In fact, there’s impressive parity there across the whole iPhone 14 range. If you wanted the biggest screen, though, until now you had to pay the biggest price. Last year, for instance, the iPhone 13 Pro Max was — with a 6.7-inch display — the largest of Apple’s line-up. It also came with a whole host of features, like triple cameras, to justify its "Pro" badging, and a $1,099 price tag.
Problem was, there was no way to get the display real estate without the rest. That meant people with vision issues — who might want to crank up the iOS font size to levels unwieldy on a 6.1-inch iPhone — or who just wanted to watch videos on the biggest screen possible needed to cough up the four-figure price tag just like Apple’s most demanding users.
After retiring its "mini" experiment, Apple is now trying out a bigger alternative. For 2022 there are just two screen sizes, 6.1-inches, and 6.7-inches, and for the first time, you can have the latter in Pro and non-Pro forms.
Not quite iPhone parts recycling
The result is the iPhone 14 Plus, and it’s effectively an iPhone 14 but with a bigger display. That means you still get a notch at the top, not the Dynamic Island that’s currently exclusive to the iPhone 14 Pro and iPhone 14 Pro Max. In fact, it looks a whole lot like the old iPhone 13 Pro Max, but again, looks are deceiving.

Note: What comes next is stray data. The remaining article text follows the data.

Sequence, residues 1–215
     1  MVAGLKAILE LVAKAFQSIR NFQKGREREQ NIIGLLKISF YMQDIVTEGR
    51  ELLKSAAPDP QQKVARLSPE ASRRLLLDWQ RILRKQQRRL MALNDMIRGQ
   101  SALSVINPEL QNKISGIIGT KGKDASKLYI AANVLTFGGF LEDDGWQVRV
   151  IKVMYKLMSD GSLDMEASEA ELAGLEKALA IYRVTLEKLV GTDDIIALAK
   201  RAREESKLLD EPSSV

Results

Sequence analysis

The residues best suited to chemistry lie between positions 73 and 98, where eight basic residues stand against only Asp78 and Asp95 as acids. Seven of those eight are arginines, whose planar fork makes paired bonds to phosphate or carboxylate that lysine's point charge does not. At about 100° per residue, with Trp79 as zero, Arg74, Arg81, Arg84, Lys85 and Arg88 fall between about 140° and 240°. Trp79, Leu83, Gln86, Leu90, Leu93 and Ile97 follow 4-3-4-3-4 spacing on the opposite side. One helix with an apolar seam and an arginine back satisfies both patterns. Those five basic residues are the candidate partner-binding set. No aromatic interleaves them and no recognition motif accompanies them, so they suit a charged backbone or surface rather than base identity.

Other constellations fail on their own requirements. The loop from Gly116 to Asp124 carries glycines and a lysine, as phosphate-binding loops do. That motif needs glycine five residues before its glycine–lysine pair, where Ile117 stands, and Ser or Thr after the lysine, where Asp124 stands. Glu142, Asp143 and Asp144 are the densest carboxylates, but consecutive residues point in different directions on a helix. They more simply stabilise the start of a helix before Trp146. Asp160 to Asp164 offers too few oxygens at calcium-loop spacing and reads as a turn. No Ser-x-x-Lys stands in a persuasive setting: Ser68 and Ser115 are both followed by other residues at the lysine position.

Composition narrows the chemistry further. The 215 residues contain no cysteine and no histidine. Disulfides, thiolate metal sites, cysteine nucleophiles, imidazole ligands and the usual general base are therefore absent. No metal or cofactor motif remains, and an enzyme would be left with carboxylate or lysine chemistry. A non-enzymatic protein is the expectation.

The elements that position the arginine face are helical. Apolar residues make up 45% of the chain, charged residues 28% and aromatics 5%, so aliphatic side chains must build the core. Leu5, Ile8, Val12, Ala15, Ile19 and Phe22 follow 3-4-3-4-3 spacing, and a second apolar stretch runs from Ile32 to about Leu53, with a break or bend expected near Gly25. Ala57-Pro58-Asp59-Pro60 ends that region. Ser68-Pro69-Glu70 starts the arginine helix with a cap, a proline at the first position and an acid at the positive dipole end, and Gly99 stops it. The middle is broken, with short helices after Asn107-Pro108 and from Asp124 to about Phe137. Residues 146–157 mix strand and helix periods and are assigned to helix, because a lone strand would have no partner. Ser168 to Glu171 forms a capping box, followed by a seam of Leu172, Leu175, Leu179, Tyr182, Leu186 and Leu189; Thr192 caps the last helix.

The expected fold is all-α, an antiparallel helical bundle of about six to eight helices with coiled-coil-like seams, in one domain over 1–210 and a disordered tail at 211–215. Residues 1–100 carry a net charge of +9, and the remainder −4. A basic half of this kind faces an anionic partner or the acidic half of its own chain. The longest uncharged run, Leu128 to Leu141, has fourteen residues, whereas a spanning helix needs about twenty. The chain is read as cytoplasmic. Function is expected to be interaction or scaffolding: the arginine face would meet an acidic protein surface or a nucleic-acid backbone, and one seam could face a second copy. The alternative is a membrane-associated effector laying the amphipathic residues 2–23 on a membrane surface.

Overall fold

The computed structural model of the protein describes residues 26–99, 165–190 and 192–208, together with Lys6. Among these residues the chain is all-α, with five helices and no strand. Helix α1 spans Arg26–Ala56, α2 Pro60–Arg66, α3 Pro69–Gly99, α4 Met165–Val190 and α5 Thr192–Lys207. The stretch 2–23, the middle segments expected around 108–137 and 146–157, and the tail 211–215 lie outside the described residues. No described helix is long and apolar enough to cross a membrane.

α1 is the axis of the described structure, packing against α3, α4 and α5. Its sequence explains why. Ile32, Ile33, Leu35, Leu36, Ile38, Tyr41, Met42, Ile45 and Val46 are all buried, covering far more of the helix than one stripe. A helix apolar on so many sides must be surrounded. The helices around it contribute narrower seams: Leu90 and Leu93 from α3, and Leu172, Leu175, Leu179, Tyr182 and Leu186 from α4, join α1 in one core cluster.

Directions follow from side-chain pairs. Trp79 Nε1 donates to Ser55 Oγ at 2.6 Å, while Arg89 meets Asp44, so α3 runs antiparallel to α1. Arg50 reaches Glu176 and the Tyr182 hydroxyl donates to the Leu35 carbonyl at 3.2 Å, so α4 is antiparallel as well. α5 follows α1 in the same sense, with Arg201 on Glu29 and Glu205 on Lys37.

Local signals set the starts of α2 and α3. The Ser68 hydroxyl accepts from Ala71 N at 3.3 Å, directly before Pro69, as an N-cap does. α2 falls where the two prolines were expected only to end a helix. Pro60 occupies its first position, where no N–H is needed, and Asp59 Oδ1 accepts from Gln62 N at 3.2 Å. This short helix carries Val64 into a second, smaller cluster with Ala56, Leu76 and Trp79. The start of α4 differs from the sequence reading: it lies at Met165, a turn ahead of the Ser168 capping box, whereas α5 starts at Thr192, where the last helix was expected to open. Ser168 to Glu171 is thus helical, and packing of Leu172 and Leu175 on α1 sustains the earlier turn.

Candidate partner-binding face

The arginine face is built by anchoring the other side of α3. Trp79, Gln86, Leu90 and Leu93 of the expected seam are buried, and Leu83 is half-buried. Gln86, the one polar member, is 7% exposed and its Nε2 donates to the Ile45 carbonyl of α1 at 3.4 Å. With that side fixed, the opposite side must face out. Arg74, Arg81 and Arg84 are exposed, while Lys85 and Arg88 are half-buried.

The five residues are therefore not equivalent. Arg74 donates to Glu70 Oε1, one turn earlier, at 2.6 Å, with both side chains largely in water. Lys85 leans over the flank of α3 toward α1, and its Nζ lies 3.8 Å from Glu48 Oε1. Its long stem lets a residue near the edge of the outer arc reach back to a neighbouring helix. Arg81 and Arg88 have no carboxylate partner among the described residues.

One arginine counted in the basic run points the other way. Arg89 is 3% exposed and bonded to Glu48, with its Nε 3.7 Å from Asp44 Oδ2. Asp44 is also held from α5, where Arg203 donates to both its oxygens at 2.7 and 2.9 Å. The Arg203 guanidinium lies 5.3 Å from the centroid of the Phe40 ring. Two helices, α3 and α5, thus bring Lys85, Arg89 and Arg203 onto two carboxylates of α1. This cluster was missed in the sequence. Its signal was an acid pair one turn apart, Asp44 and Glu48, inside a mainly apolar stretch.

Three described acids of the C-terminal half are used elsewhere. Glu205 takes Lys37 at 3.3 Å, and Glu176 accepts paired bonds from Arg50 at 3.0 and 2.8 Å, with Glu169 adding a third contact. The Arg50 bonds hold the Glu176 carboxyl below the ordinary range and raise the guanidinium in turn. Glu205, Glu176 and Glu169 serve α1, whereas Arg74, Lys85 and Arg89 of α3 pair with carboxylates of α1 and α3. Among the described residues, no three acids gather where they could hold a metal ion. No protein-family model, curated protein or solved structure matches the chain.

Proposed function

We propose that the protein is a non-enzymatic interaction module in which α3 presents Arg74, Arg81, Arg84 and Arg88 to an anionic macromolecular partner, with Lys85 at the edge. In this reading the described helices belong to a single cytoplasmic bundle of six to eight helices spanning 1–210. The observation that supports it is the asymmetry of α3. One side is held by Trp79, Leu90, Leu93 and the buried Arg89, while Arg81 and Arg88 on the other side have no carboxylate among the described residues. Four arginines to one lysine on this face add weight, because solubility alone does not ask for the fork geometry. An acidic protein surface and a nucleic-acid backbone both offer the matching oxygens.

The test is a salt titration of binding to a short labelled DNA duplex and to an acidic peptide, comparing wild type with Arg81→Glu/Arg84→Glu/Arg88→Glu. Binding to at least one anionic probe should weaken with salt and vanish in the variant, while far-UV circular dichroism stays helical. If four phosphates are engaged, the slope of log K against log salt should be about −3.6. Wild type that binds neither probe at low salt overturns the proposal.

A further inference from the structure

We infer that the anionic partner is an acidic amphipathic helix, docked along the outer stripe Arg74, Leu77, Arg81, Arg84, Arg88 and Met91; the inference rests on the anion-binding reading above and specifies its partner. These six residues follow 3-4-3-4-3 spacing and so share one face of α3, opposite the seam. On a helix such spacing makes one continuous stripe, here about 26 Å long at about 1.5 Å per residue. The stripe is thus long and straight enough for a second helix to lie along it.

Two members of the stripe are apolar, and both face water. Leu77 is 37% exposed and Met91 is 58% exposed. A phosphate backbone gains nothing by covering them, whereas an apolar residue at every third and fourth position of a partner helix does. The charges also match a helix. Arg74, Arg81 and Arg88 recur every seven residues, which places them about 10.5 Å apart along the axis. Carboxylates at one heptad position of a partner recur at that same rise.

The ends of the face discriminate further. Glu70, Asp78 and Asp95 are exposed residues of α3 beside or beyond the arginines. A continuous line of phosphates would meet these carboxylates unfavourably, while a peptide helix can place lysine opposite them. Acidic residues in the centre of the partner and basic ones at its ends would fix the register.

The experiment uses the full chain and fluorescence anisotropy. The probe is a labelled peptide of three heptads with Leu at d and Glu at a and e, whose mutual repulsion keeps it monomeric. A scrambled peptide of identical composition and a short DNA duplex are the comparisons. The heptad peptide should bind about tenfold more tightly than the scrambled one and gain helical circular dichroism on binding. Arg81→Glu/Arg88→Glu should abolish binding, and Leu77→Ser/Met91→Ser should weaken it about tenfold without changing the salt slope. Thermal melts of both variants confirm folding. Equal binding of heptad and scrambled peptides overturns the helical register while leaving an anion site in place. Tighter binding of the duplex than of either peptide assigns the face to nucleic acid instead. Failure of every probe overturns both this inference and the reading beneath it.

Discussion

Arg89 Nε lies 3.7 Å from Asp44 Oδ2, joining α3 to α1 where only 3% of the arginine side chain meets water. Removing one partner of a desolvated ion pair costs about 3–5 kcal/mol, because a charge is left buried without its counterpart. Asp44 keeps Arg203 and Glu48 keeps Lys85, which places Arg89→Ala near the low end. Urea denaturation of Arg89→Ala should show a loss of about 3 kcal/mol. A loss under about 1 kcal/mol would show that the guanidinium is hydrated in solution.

Apple isn’t just recycling last year’s Pro screens, here. Instead, it’s a bigger version of the Super Retina XDR panel on the regular iPhone 14, with 2278 x 1284 resolution, True Tone, and P3 wide-color gamut support. However you don’t get the 120Hz ProMotion refresh rate, nor the extra brightness that the iPhone 14 Pro Max offers: the iPhone 14 Plus delivers 800 nits typical brightness or 1,200 nits for HDR content.
It’s the difference between a good screen and a great screen. I still believe that, for most people, the absence of 120Hz support doesn’t really start to rankle until you’ve spent time with a phone that offers it: if you’re coming from a non-ProMotion iPhone then you won’t be disappointed, but if for some reason you’re switching from the iPhone 13 Pro Max you may miss it. The brightness shortfall versus the 1,000-2,000 that an iPhone 14 Pro Max can manage only really makes its impact known when you’re outside in direct sunlight.
The cost of longevity
The same "you’ll know if you need it" argument could be made for the chipset. Unlike in previous years, Apple opted to stick with last year’s SoC — the A15 Bionic — for the iPhone 14 and iPhone 14 Plus, reserving the newer, more potent A16 Bionic for the Pro versions. It’s another decision that adds intentional space between the Pro and non-Pro phones.
Honestly, I doubt most people will be able to tell the difference. While there’s an argument to be made around longevity, and the idea that Apple may have longer software support for its more recent chipset, for the average person buying a phone and keeping it for 2-4 years I don’t think that really shifts the needle.
If you really want that longevity, you have to decide if it’s worth the $200 premium between the iPhone 14 Plus and the iPhone 14 Pro Max. Of course, the newer SoC isn’t the only distinguishing factor.